- a sport for boys and girls
- open to all ages
- good exercise
- all this and fun too
- teach skating skills
- improve skills you have
- help you skate faster
- help you skate better
- make new friends
- receive coaching
- measure their improvement
- enter skating meets
- compete with others at same level
- win trophies, medals, and ribbons
History of Speedskating
Hundreds of years ago – long before there were skin suits and indoor arenas – people strapped blades to their feet and sped across frozen ponds, rivers and canals for communication between villages in northern Europe. Competitions evolved and mens speedskating made it’s Olympic Winter Games debut in Chamonix in 1924. Women’s races were added in 1932 at Lake Placid, New York as a demonstration sport, but were not officially included until 1960 Squaw Valley Olympics.
The modern sport of speedskating is divided into short track and long track. Short track is all about speed, pitting groups of skaters against each other on a 111-meter oval, competing at lengths of 500, 1000 and 1500 meters, with 3000 and 5000 meter relays. It was added as an official Olympics sport at the 1992 Albertville games. Long track challenges skaters to beat the clock. Two racers compete at one time, crossing from inner to outer tracks on a 400 meter oval, but rarely coming in contact with one another. Individual Olympic events include 500, 1000, 1500, 3000 (women only), 5000, and 10000 (men only) meter. There is also a Team Pursuit event requiring a team of three racing against the clock.
Speedskating is not more dangerous than other ice sports. Most injuries are minor and the result of falls during practice or competition. For this reason, skaters are taught how to fall and get up quickly. They are also required to protect themselves from possible injury by wearing long sleeves, gloves, neck protector, knee pads and a hard shell helmet at all times while on the ice.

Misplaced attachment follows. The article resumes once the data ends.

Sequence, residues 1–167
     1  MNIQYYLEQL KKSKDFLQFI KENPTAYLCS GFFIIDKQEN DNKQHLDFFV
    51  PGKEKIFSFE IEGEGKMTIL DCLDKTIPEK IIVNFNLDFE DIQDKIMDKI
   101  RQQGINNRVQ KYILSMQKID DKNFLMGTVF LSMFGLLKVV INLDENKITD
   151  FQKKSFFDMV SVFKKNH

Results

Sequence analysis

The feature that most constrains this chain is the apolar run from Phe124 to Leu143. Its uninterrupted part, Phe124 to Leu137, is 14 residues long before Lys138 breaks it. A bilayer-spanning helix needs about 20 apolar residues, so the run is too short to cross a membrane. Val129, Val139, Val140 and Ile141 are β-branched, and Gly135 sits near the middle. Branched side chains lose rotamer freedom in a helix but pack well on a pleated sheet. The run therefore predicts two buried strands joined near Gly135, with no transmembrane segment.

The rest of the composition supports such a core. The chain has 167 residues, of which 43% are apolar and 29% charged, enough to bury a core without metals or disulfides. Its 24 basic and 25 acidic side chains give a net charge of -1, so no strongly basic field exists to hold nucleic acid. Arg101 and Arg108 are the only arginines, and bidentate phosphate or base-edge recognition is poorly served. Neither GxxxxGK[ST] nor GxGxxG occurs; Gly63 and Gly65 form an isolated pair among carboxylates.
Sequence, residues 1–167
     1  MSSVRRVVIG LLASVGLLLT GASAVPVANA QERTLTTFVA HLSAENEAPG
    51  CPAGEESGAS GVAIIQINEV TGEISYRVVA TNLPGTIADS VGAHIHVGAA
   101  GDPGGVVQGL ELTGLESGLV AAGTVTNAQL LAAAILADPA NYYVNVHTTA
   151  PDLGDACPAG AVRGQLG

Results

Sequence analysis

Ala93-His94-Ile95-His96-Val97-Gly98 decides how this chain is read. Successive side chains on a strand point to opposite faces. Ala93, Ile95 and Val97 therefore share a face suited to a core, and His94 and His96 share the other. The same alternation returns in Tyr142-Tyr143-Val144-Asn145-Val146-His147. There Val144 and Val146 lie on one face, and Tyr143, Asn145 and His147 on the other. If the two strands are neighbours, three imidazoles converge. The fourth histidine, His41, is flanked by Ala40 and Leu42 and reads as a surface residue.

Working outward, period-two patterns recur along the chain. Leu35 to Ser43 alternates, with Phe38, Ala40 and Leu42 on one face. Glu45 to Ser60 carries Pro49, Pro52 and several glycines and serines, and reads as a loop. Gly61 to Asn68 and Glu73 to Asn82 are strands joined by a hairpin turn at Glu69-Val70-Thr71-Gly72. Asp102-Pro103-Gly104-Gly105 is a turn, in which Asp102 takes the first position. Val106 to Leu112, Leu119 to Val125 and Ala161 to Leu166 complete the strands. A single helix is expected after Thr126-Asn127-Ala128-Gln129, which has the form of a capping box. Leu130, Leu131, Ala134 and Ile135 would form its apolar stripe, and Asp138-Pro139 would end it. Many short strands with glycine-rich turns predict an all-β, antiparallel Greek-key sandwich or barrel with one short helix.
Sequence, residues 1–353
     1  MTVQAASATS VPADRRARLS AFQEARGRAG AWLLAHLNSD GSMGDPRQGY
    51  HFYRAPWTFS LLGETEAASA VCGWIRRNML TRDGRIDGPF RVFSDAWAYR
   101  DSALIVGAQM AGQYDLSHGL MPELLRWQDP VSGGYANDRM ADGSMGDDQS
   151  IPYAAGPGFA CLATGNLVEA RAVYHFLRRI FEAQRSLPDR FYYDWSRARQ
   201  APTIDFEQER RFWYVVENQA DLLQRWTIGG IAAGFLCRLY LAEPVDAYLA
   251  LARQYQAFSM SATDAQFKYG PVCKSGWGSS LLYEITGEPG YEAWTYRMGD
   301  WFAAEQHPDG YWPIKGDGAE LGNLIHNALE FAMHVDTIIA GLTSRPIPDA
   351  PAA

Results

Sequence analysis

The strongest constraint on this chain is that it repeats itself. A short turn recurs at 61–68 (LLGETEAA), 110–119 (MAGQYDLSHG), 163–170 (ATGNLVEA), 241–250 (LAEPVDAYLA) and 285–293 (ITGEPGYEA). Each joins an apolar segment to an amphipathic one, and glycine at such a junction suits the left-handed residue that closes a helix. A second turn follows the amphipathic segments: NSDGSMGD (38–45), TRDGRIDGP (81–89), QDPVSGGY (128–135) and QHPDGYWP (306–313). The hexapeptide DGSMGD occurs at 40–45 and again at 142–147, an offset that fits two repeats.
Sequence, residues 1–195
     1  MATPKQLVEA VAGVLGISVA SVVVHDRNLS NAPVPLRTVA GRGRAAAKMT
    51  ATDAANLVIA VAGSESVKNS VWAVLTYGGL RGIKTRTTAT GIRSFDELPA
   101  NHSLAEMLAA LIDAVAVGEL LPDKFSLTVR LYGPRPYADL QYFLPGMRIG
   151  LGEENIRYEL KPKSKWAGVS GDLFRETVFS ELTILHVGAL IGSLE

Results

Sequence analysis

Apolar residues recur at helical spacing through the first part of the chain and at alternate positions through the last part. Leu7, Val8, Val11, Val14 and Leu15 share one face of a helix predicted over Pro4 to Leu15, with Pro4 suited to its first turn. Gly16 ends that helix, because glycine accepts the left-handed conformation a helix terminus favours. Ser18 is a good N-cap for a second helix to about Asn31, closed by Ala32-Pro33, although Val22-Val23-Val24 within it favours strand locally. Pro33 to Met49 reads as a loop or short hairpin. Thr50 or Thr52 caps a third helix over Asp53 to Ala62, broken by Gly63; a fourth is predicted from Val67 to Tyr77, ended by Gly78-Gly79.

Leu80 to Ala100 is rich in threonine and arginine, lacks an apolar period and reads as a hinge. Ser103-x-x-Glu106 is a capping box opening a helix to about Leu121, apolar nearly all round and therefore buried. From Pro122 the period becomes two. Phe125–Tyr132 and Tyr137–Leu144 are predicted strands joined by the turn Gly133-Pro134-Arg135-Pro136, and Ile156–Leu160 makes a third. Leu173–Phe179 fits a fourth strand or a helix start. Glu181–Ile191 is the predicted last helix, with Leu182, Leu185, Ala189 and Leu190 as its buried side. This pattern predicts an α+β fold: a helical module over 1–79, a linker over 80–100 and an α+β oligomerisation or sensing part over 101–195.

History of Lakewood Skating Club
Early in the 1940’s, a small group of speedskating enthusiasts formed the Lakewood Skating Club. The Lakewood Skating Club has a long history of providing supervised training in speedskating. It is the hope of the Club to help develop not only strong skaters, but also help the skaters develop good character, strong sportsmanship and good health.The Lakewood Skating Club has a long history of success, producing champions as well as fine individuals. The club has nurtured the talents of numerous National and North American Champions, over 15 National Team members, 6 World Team members, and 3 Olympic Team members.
The Lakewood Speedskating Club is a member of the Ohio Speedskating Association and U.S. Speedskating.
Julie Koons grew up in New Berlin, WI and began skating at age 6. She won two bronze medals at the 1996 Senior World and World Team Championships. She was also a bronze medalist at the 1997 Junior World Championships. Throughout her skating career Julie held multiple Senior and Junior American records. She was a member of both the 1998 and 2002 Olympic Teams as part of the 3000 meter short track relay team.